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SBU senior Nishtha Tripathi to be inducted into competitive ASBMB Honor Society

Apr 08, 2024

St. Bonaventure University senior Nishtha Tripathi of Austin, Texas, is among 31 undergraduate students nationwide who were accepted into the competitive American Society for Biochemistry and Molecular Biology (ASBMB) Honor Society for 2024.

Nishtha TripathiTripathi is pursuing majors in biology and behavioral neuroscience and a minor in English. She is also a student in the university’s Honors Program.

“I am very proud of Nishtha’s accomplishments in the past four years. She actively sought high-impact experiential learning opportunities in research and service activities on and off campus,” said Dr. Xiao-Ning Zhang, professor of biology and chair of the biochemistry program. “During the COVID-19 pandemic when there was a high demand for case management at the Cattaraugus County Health Department, Nishtha was one of the volunteers who extended their helping hands to assist.”

Tripathi is president of the ASBMB Student Chapter at SBU. She has been actively involved in research since her first year as a Bonaventure student, but she was a junior in high school when she first learned of the opportunities that would be available to her at SBU.

“I first developed my interest in research after being a member of the High School Student Research Program at St. Bonaventure University as a junior in high school and conducting research under the guidance of Dr. Sean Ryan, who is my mentor now. That program is also what inspired me to commit to St. Bonaventure University,” Tripathi said.

During the summer of 2021, Tripathi participated in the Dr. Arnold T. Borer Summer Research Fellowship in Molecular or Cellular Biology at the university under the guidance of Ryan, associate professor of biology and chair of the Department of Biology.

“I was involved in studying differential gene expression in genes influencing neural crest cell migration and chondrocyte formation in larval zebrafish treated with 3,5-Dichlorosalicylic acid, a water detoxification byproduct,” Tripathi said. In layman’s terms, the research seeks to inform regulatory decisions regarding water treatment procedures, using zebrafish as a model organism.

During the summer of 2022, she participated in the University of California at Irvine Summer Institute in Neuroscience Research Experience for Undergraduates (REU) Program. Working under the guidance of Dr. Kevin Beier in the Department of Physiology and Biophysics, Tripathi was involved in investigating the neural circuitry changes and behavioral output in Alzheimer’s and Parkinson’s disease progression in rodent models.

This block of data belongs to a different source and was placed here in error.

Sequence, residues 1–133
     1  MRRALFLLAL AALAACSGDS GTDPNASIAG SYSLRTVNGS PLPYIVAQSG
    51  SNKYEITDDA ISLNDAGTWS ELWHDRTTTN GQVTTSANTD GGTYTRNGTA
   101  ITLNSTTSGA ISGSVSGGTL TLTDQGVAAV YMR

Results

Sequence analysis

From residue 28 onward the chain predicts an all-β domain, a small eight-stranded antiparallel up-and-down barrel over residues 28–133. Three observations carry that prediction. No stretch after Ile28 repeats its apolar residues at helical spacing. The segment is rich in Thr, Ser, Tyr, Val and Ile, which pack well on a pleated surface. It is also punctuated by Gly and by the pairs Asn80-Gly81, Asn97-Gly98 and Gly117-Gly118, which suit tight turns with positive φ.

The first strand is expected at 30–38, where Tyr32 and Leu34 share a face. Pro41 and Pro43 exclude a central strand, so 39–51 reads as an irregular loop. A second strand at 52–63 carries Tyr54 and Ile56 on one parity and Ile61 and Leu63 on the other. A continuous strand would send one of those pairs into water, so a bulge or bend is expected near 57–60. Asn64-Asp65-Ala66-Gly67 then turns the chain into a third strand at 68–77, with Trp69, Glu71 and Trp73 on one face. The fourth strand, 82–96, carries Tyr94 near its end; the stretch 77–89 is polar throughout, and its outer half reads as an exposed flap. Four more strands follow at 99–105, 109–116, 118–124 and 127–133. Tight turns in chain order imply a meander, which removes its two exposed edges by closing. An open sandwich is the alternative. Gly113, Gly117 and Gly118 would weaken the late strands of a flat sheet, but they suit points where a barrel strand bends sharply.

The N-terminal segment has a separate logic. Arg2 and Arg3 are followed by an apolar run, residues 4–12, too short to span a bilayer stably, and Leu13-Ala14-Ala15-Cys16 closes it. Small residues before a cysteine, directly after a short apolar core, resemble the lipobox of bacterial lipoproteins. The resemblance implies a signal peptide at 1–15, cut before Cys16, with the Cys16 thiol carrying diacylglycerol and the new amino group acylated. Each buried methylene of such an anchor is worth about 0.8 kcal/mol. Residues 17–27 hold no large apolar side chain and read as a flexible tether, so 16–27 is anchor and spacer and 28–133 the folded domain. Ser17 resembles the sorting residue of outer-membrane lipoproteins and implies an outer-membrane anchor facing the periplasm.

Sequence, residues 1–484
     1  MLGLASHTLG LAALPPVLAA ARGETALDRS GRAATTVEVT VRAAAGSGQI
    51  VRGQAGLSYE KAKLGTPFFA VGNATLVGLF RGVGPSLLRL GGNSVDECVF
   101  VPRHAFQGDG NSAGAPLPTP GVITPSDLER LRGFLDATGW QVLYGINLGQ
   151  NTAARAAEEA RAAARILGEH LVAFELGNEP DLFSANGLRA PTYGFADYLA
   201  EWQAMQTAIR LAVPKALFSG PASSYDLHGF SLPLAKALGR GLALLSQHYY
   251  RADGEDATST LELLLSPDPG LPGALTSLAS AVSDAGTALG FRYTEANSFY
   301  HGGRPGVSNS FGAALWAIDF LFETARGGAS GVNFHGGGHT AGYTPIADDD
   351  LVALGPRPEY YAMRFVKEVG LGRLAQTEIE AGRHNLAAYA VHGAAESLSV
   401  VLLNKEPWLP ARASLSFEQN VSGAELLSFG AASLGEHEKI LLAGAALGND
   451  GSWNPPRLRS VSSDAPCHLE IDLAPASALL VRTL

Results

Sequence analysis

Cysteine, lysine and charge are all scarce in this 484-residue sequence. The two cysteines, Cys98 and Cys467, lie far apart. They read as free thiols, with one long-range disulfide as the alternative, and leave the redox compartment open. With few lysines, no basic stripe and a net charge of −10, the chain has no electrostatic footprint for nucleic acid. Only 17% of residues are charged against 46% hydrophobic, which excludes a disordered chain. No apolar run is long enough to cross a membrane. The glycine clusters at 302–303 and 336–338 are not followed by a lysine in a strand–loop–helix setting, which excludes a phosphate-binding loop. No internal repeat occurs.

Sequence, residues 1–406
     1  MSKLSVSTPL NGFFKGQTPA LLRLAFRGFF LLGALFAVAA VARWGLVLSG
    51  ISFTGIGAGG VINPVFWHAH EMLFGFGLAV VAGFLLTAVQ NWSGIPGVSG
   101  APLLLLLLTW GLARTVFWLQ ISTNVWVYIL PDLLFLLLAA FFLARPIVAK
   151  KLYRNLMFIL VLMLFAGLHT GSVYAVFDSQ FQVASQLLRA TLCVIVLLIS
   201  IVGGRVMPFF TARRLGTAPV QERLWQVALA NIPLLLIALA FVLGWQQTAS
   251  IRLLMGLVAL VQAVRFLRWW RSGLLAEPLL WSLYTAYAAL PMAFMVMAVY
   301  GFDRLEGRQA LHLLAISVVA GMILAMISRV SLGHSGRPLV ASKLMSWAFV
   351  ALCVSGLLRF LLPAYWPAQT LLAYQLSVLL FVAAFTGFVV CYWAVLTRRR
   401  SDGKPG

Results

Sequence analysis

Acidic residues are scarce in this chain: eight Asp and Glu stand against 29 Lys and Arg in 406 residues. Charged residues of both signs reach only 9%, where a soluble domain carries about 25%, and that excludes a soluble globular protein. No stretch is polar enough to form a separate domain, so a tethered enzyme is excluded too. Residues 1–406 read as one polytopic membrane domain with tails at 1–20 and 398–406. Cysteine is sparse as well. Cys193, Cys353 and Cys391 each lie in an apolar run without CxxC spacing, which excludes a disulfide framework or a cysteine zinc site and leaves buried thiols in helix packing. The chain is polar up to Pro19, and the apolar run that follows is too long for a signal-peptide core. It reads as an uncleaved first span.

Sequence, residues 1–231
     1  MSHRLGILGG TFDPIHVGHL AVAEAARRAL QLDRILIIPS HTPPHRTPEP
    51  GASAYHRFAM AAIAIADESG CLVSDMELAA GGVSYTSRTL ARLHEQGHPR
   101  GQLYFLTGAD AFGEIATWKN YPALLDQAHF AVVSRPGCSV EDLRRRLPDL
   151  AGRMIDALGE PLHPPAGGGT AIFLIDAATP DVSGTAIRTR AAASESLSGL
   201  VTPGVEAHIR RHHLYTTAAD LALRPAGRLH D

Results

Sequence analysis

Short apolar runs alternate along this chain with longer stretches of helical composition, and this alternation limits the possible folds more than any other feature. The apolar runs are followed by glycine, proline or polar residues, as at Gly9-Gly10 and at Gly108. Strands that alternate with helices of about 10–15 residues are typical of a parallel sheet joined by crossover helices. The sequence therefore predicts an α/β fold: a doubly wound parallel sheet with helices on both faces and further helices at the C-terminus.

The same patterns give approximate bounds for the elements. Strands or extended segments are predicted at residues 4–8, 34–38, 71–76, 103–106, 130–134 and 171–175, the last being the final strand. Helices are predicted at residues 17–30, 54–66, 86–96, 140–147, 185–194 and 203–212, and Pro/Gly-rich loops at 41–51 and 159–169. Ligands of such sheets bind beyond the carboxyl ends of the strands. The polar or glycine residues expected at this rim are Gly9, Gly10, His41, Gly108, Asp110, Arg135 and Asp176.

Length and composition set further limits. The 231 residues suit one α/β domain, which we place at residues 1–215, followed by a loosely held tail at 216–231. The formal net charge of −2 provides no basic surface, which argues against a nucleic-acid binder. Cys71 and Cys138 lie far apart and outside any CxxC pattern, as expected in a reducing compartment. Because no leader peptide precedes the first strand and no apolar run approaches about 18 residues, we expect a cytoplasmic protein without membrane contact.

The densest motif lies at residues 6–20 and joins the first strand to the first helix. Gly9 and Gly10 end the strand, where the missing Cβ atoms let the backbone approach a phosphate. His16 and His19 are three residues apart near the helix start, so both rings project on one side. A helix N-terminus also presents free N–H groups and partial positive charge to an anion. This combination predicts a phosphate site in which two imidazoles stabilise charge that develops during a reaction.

This past summer, Tripathi was involved in identifying and validating key microglial activation morphological changes after single mild TBI (smTBI) and repeated mild TBI (rmTBI) in rodents through the Georgia Institute of Technology Summer Undergraduate Research in Engineering/Sciences (SURE) Program. Her research served to shed light on the molecular changes that occur in microglia after traumatic brain injury (TBI). She worked under the guidance of Dr. Michelle LaPlaca in the Wallace H. Coulter Department of Biomedical Engineering at Georgia Tech and Emory University.

Tripathi has taken on several leadership positions in campus organizations and has embraced a range of volunteer activities during her time at St. Bonaventure. She has volunteered at the Cattaraugus Country Society for the Prevention of Cruelty to Animals and served as an emergency medical services first responder on SBU’s Medical Emergency Response Team (MERT).

After graduation in May, Tripathi will pursue a medical degree at George Washington School of Medicine and Health Sciences while also participating in the competitive METEOR (Mentored Experience To Expand Opportunities in Research) Program at GW.

Acceptance by the ASBMB Honor Society is a competitive process and nominees must be ASBMB Student Chapter members who have demonstrated exceptional achievement in academics, undergraduate research and science outreach. Tripathi hopes her induction encourages other females to enter STEM fields.

“I hope that this position allows me to serve as a role model for students, especially young girls, who have been discouraged for having certain interests ‘not fitting’ of their gender, religious beliefs, ethnic background, or socioeconomic status,” she said.


About the University: The nation’s first Franciscan university, St. Bonaventure University is a community committed to transforming the lives of our students inside and outside the classroom, inspiring in them a lifelong commitment to service and citizenship. Out of 167 regional universities in the North, St. Bonaventure was ranked #6 for value and #14 for innovation by U.S. News and World Report (2024).